Nine cities in the list of the 25 most polluted by year-round particle pollution showed measurable improvement, including five cities that reported their best year-round levels since the Lung Association began tracking this pollutant: Pittsburgh, Cincinnati, Atlanta, York and Lancaster, Pennsylvania.
The annual average level of particle pollution worsened in a dozen cities, including Bakersfield and Los Angeles, California and Houston, Texas.
Roughly three in 10 Americans live in counties with unhealthful spikes of particle pollution which can last from hours to days (termed 24-hour levels).
Thirteen cities had more days, or more severe days, of spikes than in last year’s report. Eleven cities have improved continually since the 2007 report.
New data show that women in their 50′s may be particularly threatened by air pollution and that diesel truck drivers and dockworkers who are forced to breathe exhaust on the job may face a greater risk of developing lung cancer or chronic obstructive pulmonary disease.
California researchers have tripled their estimate of the number of people that particle pollution kills each year in their state.
“The science is rock-solid. We now know that air pollution can impair the lung function of even the healthiest people,” said Norman Edelman, MD, American Lung Association chief medical officer. “Air pollution worsens asthma and is a direct cause of heart attacks, which makes people living with lung and heart disease especially vulnerable.”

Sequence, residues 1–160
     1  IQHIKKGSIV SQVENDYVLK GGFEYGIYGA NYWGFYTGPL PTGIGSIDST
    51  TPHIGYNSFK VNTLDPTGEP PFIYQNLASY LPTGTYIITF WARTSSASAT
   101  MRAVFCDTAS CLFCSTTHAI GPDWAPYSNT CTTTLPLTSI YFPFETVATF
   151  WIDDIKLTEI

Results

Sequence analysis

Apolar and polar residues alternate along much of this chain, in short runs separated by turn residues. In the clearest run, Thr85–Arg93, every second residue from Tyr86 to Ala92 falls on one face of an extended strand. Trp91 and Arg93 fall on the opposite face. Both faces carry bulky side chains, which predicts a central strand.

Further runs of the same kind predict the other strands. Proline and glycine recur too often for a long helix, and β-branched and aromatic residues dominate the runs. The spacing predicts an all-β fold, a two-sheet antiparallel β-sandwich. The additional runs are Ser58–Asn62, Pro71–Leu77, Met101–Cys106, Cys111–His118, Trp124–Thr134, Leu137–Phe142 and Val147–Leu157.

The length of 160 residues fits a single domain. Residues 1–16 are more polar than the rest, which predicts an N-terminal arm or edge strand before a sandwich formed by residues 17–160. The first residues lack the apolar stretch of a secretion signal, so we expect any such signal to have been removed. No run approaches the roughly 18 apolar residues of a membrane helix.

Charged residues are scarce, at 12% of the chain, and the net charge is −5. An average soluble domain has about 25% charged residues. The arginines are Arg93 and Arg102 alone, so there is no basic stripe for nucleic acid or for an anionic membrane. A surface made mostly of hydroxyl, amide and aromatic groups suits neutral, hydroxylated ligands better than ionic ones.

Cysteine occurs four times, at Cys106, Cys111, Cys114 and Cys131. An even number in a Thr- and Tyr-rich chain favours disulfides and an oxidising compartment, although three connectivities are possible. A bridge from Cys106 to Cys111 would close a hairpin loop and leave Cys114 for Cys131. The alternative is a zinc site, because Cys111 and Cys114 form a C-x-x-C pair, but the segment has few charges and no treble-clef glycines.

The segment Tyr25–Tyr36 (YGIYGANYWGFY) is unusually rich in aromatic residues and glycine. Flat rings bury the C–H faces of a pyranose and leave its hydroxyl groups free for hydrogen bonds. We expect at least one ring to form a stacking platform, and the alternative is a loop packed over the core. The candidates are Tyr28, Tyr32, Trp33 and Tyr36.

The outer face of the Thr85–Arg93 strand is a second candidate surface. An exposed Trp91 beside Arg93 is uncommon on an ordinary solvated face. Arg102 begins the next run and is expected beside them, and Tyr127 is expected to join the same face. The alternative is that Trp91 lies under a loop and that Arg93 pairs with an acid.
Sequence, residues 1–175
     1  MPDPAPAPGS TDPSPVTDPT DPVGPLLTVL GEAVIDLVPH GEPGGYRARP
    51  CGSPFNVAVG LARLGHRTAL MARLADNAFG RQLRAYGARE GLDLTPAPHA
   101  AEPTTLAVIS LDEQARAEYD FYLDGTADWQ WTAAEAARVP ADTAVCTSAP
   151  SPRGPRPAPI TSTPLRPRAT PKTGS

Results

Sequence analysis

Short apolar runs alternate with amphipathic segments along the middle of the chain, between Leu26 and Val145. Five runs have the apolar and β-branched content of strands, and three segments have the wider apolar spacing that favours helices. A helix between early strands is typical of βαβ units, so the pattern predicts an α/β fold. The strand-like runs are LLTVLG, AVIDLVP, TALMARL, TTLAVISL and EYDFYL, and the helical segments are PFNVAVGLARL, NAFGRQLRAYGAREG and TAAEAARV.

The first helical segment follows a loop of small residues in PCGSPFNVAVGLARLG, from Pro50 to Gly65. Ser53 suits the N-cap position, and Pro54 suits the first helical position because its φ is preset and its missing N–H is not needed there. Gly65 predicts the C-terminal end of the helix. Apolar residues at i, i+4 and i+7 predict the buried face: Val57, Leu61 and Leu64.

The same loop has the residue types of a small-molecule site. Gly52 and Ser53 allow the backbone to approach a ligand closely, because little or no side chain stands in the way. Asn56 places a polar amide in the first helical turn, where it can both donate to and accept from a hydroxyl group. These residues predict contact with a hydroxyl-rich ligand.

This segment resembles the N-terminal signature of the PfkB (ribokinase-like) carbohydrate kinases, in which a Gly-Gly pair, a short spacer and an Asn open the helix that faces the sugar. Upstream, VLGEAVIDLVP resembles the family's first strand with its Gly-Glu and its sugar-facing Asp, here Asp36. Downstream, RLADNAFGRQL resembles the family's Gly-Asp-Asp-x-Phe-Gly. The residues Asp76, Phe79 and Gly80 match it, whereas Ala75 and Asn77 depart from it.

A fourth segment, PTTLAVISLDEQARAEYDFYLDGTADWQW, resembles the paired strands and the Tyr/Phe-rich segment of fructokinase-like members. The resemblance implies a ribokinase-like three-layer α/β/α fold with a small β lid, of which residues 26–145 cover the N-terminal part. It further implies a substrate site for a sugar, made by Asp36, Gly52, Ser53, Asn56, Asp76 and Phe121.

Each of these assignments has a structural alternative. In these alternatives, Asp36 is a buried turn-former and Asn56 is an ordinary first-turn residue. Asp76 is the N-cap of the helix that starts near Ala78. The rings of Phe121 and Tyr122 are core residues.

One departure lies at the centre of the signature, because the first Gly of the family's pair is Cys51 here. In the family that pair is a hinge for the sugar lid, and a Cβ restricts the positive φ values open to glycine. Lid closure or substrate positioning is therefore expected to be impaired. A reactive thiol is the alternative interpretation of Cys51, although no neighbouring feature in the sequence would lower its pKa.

Dr. Edelman suggests that people living in areas of high particle pollution “must recognize that this is the fact of their lives, and they must be more careful about other life factors – stop smoking, eat well, exercise.”
In addition, Dr. Edelman suggests, people who live with particle pollution “must take action help us and other organizations to change the EPA regulations. It’s personal, it’s affecting them and their neighbors.” In addition, he said, they can take local political action to change regulations such as engine idling, and clean up diesel-powered school buses.
Low income people and some racial and ethnic groups often face greater risk from pollutants. Pollution sources like factories and power plants may be closer to their homes, the Lung Association points out. Many live near areas with heavy highway traffic or have poor access to health care, which makes them even more vulnerable. Some racial and ethnic groups have a higher prevalence of diseases like asthma or diabetes, which compounds the ill effects of air pollution for these groups.
“We need to renew our commitment to providing healthy air for all our citizens a commitment the United States made almost 40 years ago when Congress passed the Clean Air Act,” Connor said. “After four decades, we still have much work to do.”
“America needs to cut emissions from big polluters like coal-fired power plants and ocean-going vessels,” Connor said. “We need to fix old dirty diesel engines to make them cleaner and strengthen the ozone standards to better protect our health. We also need to improve the decaying infrastructure of air monitors. America must now enforce the laws that help us improve our nation’s air quality.”
See the full lists of best and worst cities at ens-newswire.com